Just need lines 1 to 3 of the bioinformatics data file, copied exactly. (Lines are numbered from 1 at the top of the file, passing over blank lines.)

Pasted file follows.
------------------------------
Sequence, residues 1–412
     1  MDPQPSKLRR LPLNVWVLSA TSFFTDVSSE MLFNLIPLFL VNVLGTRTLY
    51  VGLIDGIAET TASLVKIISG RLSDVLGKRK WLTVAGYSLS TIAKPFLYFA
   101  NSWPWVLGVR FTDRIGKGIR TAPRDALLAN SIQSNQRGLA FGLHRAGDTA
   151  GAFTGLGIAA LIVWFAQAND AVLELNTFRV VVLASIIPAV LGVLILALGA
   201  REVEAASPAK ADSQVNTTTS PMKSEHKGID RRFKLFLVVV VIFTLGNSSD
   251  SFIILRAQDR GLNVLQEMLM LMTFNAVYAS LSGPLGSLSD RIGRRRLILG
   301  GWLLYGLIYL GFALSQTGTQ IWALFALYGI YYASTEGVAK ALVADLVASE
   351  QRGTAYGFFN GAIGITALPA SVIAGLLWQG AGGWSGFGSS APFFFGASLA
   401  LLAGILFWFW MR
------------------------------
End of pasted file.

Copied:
Sequence, residues 1–412
     1  MDPQPSKLRR LPLNVWVLSA TSFFTDVSSE MLFNLIPLFL VNVLGTRTLY
    51  VGLIDGIAET TASLVKIISG RLSDVLGKRK WLTVAGYSLS TIAKPFLYFA